One of David’s friends once said that I sounded happy from my blog: and yet he didn’t think I was. This was at a time when my marriage was nothing more than parallel lives and I was building up a huge pile of resentment because I felt as if I was doing everything and David was doing nothing (obviously in my mind I was exaggerating things, but that is where we had got to).
I was brought up that to think that I shouldn’t be unhappy about anything – who was I to be unhappy when I had so much – health, money, brains… and more recently three children at an age when many women have given up child-bearing.
But all through my 20s and 30s I suffered from mood swings and at my lowest was conscious of a black hole of loneliness in the pit of my being. By the time I met David I had gained the self-esteem to have filled in that black hole: even so when I met David I felt truly loved for the first time in my life, and having the children increased that feeling and led to an enormous feeling of fulfillment. And people kept telling me I was amazing…
It was great. I felt amazing. And so I took on more and more. When David left I still felt amazing, but amazing and single. And so, ultimately, I got a full-time job (just as Edward started school), even though I knew that in the past that had turned me into a horrible person and that I had always felt vehemently that while the kids were little I only wanted to work part-time: but I wanted the money to be able to take the kids on holiday abroad. My singing increased: I started my own singing group and accepted almost every offer to sing which I got given. And I fell in love with a man more whole-heartedly than I had ever fallen in love with anyone before: he made me feel so incredibly and fully feminine and so much that I was my real self. In addition the job has a long commute over to West Cumbria, which a friend of mine had told me she found hard. In my pig-headed way I thought I was different from her. And I also tried to keep up my running…
In September, with the start of term and the sense that autumn was looming, I suddenly began to panic and to feel that everything was about to change. On some days sheer paranoia set in; I began to feel unhappy about how little I was seeing my children and about the long journey to work and to worry about and question all sorts of things in my life. I gave myself several kicks up the backside; thought it was perhaps to do with my unsettled past; started checking tarot cards. Singing still went well and gave me joy and relaxation, but quite often I would get stressed out by my children and end up shouting at them angrily and then feeling guilty. My daughter said she wanted to go to live with her father. On a couple of occasions I couldn’t face going to work: one time, driving, I got almost as far as Cockermouth before I pulled into a layby, burst into tears, and then drove home and back to bed.
Last week after a tearful day in the office I finally made an appointment to see my Doctor. I felt pathetic: why couldn’t I just pull myself together. She signed me off for two weeks. The sense of relief was huge but my moods still swing from calm-ish to tearful and even worse. I have never felt so low in my life before. The black hole isn’t there: there’s no need for me to be lonely nor to feel I’m doing everything alone, as I am surrounded by good friends, including – perhaps to my surprise – my ex-husband, who has stepped in with understanding and helped with the children, both in terms of having them and in terms of talking about them. And thank goodness for text messaging and emails which can be of almost instantaneous reassurance (and if they’re not, you just delete them!).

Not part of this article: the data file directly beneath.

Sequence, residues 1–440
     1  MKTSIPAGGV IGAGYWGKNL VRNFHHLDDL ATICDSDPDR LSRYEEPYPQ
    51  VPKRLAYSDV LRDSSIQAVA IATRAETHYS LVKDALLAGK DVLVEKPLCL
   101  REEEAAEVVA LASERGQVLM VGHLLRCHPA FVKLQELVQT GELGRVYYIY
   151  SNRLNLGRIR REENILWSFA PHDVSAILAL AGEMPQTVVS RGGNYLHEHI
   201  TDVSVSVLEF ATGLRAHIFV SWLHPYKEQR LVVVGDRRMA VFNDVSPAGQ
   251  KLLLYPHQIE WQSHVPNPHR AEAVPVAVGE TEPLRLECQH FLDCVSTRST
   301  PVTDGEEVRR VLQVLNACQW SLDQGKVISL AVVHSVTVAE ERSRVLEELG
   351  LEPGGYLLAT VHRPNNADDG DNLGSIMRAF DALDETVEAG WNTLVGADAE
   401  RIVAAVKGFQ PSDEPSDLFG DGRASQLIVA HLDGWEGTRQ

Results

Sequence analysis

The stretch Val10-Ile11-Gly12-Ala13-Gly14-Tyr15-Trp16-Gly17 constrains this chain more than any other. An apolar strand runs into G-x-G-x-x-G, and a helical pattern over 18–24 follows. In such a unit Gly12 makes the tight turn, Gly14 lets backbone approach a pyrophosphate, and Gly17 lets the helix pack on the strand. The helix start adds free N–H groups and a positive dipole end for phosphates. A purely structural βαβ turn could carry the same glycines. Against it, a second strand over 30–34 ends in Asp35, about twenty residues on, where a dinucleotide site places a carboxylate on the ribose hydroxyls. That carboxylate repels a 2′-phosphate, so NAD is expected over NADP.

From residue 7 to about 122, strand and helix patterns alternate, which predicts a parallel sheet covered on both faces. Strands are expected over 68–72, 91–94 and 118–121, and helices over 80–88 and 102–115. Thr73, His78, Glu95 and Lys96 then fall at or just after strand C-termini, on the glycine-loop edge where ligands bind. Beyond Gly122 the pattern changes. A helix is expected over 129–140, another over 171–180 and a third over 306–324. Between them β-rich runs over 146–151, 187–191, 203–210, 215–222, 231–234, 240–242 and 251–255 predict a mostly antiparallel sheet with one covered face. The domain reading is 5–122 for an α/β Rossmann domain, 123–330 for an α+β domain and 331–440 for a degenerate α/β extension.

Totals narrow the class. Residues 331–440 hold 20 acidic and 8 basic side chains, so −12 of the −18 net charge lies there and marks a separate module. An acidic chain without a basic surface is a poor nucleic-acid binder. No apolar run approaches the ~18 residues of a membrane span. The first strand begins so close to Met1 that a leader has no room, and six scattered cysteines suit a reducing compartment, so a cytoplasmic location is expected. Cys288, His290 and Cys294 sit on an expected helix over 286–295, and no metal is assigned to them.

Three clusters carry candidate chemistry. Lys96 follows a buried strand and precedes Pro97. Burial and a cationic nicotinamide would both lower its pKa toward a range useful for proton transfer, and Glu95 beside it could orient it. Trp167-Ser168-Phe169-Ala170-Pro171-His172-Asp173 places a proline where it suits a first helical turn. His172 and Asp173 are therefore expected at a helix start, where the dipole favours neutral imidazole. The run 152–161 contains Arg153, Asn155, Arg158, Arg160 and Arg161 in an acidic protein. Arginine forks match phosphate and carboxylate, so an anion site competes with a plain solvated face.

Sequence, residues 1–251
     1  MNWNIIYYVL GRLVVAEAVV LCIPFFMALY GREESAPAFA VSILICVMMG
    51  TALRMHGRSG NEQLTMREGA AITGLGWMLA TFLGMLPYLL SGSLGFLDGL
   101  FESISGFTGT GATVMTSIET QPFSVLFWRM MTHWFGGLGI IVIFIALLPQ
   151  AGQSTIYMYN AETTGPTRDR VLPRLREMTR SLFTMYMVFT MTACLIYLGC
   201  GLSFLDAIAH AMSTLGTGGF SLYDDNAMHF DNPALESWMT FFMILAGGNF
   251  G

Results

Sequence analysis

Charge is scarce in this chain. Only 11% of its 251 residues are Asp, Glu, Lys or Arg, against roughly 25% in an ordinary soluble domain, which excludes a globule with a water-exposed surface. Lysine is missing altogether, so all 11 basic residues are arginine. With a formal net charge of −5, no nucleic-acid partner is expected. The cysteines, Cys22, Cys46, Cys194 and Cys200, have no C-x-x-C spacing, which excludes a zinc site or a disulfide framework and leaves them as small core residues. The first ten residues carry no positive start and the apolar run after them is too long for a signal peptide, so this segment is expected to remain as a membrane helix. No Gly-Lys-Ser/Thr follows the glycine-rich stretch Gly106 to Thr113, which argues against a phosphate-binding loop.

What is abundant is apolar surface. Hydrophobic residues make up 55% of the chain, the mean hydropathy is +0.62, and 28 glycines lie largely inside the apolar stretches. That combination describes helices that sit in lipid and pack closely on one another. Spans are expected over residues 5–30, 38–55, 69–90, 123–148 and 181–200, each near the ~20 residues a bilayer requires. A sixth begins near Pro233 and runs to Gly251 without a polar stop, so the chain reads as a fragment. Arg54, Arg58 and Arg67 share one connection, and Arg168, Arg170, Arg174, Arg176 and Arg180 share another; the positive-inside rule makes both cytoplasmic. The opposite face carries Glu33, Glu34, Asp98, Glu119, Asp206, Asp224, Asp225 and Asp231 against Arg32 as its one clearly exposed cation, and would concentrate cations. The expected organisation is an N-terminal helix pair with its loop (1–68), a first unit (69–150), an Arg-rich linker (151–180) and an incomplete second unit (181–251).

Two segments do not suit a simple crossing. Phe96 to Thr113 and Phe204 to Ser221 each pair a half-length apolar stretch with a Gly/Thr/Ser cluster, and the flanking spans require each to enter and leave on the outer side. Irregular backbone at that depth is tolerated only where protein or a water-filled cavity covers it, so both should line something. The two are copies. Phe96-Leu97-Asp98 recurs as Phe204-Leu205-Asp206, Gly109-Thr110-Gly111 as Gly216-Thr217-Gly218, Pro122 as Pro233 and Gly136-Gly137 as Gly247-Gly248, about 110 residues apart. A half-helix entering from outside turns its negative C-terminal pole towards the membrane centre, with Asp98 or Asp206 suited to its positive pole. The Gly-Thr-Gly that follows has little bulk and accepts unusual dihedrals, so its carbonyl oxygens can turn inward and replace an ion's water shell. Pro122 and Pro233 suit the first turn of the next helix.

David has lent me a book his girlfriend Rebecca had lent him, called I Had a Black Dog (Matthew Johnstone). It opens with ‘looking back, Black Dog had been in and out of my life since my early twenties’: how spot on. My Black Dog hasn’t been around for a few years but he seems to have been gathering a huge amount of strength over the past month or so – and who knows, perhaps for longer – and has leapt out at me and knocked me over. I’ve been trying to make decisions about major things in my life, and as David says, now is not the time to do that.
I’m only at the beginning of this journey: whilst I feel more optimistic as I write this, I have spent most of today in tears and didn’t even manage to get the kids their breakfast until it was almost lunchtime. And yes, there are times when I think it would be easier to jump into one of the fast-flowing near flood-level rivers around: except I have three children and I want to see how they turn out, and I also want to see what happens next. In addition there is a tiny bit of me which never gives up hope that everything will actually turn out OK, one way or another: that dreams can come true.
There is no conclusion to this blogpost as there is no conclusion to this part of my story at the moment. I just wanted to share it openly as it’s something which has almost taken me by surprise; I always thought you could talk or work yourself out of feeling low but I’m not managing it with this bout. I’ve always remembered a bit at the beginning of a chapter in Miss Smilla’s Feeling for Snow where she says she walks into depression and accepts it. That’s how it is: like an illness which I have to accept and which will pass. And for now, that’s all I can say.